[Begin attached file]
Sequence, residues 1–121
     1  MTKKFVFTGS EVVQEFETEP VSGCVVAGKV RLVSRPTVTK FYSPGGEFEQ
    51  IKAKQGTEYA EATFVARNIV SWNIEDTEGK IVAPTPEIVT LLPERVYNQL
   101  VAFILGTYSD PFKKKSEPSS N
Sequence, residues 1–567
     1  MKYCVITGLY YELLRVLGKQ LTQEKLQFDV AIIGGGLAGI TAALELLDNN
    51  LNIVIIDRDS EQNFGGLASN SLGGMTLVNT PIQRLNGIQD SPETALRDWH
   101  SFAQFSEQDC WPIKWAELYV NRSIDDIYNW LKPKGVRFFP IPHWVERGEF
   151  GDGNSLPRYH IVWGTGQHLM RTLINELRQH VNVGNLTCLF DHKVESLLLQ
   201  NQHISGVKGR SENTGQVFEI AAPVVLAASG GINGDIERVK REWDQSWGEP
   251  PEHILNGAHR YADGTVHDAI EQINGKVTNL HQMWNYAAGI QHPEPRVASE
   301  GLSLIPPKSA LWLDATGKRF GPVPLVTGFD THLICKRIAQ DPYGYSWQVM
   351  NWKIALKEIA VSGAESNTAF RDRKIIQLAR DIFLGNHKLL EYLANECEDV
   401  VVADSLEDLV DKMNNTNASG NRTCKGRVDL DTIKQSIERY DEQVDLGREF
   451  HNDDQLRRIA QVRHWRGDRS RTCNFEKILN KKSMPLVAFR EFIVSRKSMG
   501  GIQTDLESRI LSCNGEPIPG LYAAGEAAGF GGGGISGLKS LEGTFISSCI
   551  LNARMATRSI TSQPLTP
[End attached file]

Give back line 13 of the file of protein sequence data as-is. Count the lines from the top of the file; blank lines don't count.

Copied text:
   351  NWKIALKEIA VSGAESNTAF RDRKIIQLAR DIFLGNHKLL EYLANECEDV